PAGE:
Now here's a thought for people. Since browsers already support multiple protocols and data formats currently, how hard would it be to define a new protocol (say a prefix of 'bhttp://', instead of 'http://', or 'https://', or 'ftp://'), and then define a binary version of HTML (perhaps just use a new MIME type, like 'application/bhtml').


Edit: Btw, I'm not overly impressed with TCP sometimes, even though it's a binary protocol, but that's another rant. Mind you, it depends on the nature of the traffic. There are certain features of web traffic that make most of the feature of TCP useful, but I still have my doubts about how some of it is done. But perhaps more on the current topic, why is HTTP a stateless protocol? Apparently it was done for efficiency reasons of not having to burden the web server with having to maintain state for each client. But then why did they build it on top of TCP, which *does* have state, and does burder the web serving computer with maintaining state information. Sure, the web server software doesn't have to deal with it, they've pushed the problem to the OS. Oh, but wait, state is very useful to have, how else would you get logins to work? Due to the stateless HTTP layer, we need to add an additional Cookie layer to get state back. There's no chance of adding that state to a uniform state system, nor much of a chance for optimizations at the transport layer, since it explicitly doesn't have state. Hmm, considering the current "state" of things, the original reason is starting to smell a little fishy.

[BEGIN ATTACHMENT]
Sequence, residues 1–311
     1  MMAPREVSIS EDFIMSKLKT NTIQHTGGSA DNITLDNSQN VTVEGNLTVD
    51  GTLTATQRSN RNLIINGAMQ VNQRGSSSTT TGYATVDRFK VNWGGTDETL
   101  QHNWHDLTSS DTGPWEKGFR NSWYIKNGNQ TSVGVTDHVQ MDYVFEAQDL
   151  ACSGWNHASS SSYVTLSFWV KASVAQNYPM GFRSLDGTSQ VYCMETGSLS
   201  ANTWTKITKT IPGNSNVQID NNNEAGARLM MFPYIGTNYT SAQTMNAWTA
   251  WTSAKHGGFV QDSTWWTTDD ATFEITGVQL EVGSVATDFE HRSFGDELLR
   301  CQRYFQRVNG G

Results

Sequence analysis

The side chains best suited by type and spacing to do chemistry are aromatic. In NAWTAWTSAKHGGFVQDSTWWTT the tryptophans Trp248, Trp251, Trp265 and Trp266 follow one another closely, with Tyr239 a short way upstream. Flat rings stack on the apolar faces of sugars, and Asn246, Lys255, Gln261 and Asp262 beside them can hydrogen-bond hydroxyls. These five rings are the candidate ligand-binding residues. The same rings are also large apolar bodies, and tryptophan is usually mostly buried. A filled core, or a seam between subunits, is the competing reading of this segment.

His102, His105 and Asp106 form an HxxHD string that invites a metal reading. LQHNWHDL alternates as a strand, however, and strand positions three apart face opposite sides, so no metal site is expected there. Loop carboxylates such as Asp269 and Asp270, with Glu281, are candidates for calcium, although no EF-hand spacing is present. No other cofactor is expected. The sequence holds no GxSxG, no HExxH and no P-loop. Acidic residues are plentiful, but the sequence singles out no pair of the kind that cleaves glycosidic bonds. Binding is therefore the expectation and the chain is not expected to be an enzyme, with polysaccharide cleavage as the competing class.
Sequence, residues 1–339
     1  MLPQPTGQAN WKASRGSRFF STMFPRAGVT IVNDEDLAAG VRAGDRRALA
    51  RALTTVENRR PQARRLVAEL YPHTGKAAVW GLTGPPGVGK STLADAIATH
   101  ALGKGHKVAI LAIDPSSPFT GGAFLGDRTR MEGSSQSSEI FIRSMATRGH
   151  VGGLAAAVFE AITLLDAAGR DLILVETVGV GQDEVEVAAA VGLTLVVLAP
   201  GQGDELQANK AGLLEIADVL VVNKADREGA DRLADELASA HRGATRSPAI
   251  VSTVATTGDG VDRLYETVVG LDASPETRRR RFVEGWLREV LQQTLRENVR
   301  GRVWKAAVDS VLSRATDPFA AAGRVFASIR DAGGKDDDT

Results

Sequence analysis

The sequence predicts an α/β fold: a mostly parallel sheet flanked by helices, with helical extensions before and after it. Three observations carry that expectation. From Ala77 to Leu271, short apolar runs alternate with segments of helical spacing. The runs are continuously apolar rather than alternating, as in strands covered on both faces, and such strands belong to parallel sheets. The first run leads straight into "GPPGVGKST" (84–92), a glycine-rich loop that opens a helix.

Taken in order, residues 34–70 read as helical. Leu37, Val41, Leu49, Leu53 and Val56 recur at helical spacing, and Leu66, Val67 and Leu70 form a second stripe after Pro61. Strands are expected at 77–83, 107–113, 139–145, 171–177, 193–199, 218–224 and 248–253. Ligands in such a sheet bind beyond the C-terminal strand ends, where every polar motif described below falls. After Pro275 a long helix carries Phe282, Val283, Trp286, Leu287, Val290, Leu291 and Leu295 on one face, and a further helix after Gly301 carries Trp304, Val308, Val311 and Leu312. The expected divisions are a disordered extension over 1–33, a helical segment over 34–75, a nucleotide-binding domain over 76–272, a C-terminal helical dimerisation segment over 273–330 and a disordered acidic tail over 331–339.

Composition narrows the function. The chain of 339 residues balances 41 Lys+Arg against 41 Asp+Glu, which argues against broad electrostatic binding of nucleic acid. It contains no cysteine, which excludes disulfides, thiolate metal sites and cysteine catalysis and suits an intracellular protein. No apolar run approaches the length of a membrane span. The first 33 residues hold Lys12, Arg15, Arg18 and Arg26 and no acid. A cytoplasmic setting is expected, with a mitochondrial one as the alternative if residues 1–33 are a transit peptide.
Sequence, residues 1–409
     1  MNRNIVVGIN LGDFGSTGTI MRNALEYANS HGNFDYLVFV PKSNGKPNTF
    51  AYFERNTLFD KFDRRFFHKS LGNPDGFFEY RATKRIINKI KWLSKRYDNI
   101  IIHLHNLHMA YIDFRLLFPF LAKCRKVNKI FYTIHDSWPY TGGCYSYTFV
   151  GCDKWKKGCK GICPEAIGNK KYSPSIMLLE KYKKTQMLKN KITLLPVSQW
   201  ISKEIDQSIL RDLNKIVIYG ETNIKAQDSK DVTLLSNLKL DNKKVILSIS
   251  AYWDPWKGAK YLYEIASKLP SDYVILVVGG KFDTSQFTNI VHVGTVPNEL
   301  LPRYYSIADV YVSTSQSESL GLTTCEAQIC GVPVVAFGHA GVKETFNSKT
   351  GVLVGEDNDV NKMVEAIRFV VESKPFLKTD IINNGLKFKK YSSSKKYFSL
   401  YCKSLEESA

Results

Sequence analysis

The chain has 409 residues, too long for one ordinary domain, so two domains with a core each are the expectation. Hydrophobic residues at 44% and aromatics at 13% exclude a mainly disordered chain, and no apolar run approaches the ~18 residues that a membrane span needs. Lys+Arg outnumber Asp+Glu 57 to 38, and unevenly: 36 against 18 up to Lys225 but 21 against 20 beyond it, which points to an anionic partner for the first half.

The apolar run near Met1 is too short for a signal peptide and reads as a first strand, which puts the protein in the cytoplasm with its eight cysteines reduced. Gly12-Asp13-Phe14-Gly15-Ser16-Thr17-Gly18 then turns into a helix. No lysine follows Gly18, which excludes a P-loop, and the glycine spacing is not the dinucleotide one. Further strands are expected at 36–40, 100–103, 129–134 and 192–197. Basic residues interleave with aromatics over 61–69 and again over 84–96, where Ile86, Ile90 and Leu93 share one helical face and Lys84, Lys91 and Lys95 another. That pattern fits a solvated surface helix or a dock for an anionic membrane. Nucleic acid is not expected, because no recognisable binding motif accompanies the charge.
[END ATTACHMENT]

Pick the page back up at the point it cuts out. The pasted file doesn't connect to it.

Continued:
« Last Edit: April 23, 2010, 02:13:05 AM by Hooman »

Offline Sl0vi

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« Reply #27 on: April 23, 2010, 09:12:25 AM »
HTML/CSS/Javascript is already enough of a mess. I doubt adding more formats is going to make it any less messy.
« Last Edit: April 23, 2010, 09:12:37 AM by Sl0vi »
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Offline CK9

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« Reply #28 on: April 23, 2010, 09:25:09 AM »
well, hooman, you could always build a PHP-like binary system and test it on server-end page construction.  That way you'd only need a single machine to get it working :P
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Offline AmIMeYet

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« Reply #29 on: April 23, 2010, 09:28:53 AM »
Lets use Ruby and prototype :lol:

Transform WEBrick for BHTTP, and abuse HAML so the output isn't HTML but BHTML. Awesome.
« Last Edit: April 23, 2010, 09:29:52 AM by AmIMeYet »